Tax records must be kept for five years. The Tax Assessment Act and Tax Payment Act grant the tax authorities the right to inspect, at any time, documents relating to tax assessment.

Hiring and Onboarding Requirements


Generally, employers in the private sector can freely choose which candidate to hire, whereas employers in the public sector must hire the best-qualified candidate. Both private and public employers must comply with the prohibitions against direct and indirect discrimination because they follow the Working Environment Act and the Equality and Anti-Discrimination Act.

Preferential treatment is allowed for objective and legitimate reasons. This is typically the case if an employer needs to raise the employment rate of one gender.

New rules on part-time employment

Starting January 1, 2023, a new regulation was enacted, reinforcing employees' entitlement to full-time employment as the primary norm. Employers are required to engage employees on a full-time basis. Before recruiting for a part-time position, the employer must substantiate the necessity for such work arrangement through documentation.

New Hiring Rules

Effective April 1, 2023, employers will lose the ability to hire from staffing agencies because the position is temporary. Employers can only hire workers to fill in for another person or people.


The following employee details must be given during onboarding:

  • First name

  • Middle name

  • Surname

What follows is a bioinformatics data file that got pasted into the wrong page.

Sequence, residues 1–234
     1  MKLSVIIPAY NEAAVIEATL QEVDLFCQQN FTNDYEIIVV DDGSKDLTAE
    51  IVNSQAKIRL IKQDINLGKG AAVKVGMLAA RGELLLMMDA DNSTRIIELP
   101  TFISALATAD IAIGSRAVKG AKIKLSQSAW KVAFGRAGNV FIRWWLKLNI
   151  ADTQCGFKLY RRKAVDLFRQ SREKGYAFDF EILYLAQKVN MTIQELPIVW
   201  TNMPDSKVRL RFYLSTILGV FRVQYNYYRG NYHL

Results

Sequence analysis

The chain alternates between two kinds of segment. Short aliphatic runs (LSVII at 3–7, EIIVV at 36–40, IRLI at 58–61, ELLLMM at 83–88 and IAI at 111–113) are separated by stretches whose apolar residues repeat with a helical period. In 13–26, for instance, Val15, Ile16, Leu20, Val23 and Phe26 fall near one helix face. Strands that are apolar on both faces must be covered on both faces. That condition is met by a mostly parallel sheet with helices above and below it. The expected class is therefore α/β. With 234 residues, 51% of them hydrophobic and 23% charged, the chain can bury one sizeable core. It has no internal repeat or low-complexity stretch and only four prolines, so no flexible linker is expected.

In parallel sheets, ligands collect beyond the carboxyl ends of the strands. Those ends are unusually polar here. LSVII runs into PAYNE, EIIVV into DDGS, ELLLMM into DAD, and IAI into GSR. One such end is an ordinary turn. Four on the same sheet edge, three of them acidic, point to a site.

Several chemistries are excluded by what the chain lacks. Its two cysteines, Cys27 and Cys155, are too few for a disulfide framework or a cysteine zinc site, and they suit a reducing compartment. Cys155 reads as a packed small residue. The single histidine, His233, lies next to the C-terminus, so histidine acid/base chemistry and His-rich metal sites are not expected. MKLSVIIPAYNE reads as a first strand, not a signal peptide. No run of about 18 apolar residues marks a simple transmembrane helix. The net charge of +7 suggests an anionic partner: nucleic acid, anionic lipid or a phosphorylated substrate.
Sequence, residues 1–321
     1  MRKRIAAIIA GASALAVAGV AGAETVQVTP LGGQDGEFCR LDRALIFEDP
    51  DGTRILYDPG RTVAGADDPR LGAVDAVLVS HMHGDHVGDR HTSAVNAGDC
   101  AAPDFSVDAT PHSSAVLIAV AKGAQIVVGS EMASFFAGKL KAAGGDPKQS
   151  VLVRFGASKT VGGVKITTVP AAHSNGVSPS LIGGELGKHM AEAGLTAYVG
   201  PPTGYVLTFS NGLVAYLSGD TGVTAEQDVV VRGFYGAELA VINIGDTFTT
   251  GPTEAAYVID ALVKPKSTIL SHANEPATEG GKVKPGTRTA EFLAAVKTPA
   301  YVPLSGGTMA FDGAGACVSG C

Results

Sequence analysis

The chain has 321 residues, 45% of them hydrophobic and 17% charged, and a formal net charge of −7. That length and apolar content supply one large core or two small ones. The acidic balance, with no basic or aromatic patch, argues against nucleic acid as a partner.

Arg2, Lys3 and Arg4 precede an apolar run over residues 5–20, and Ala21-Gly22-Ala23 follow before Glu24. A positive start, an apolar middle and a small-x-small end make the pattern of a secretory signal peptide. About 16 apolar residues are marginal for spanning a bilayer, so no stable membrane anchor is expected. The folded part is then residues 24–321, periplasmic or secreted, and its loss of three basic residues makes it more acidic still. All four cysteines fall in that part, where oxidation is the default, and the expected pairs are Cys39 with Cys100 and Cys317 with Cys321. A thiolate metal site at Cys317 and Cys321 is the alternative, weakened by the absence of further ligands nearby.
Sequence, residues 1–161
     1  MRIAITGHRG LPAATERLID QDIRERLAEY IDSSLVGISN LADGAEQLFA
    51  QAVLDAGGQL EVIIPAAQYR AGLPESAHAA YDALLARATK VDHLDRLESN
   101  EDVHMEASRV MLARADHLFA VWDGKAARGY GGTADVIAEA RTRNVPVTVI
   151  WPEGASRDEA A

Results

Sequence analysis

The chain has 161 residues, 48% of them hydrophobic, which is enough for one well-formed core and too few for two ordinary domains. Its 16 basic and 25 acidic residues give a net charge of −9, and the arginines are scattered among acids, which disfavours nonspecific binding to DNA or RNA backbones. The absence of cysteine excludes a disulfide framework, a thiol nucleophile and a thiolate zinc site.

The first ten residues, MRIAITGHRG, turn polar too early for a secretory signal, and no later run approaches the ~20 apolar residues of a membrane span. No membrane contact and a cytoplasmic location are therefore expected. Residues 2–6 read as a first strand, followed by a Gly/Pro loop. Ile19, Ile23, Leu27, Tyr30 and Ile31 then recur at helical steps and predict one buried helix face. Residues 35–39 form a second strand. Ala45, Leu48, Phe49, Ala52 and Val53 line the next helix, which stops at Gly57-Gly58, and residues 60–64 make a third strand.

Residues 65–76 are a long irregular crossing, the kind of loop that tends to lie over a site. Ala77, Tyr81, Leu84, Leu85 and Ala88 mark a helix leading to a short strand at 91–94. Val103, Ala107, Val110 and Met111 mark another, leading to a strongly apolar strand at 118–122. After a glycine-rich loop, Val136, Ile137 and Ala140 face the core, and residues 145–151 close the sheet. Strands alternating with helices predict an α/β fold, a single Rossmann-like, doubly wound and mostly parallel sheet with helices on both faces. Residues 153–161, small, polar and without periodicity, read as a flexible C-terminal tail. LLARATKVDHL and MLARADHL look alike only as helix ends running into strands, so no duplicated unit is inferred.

• DOB

  • Address (Home country)

  • Nationality

  • National ID No/NI/NIE/Fiscal No etc

  • Personal Contact Details

  • Personal Email

  • Emergency Contact Details and Declaration of Consent

  • Marital status (does Spouse work?)

  • Number of dependent children

  • Does the employee have Bank-ID or e-ID?

  • D Number (If Norway)

  • IBAN (International Bank Account Number) or Swift Code (verify international Payment)

  • Assignment form RF1199


The employer and the employee may agree on a probationary period of a maximum of six months from the commencement of the employment relationship. The probationary period may be extended, however, by a period corresponding to an employee's absence from work during the probationary period, subject to certain criteria.

During the probationary period, the employee may be dismissed with notice on the grounds of lack of suitability for the work or lack of proficiency or reliability.


National Holidays

Norway provides the following 12 public holidays, two of which are paid holidays:

  • January 1: New Year's Day
  • April 6: Maundy Thursday
  • April 7: Good Friday
  • April 9: Easter Sunday;
  • April 10: Easter Monday
  • May 1: Labor Day
  • May 17: Constitution Day
  • May 18: Ascension Day
  • May 28: Whit Sunday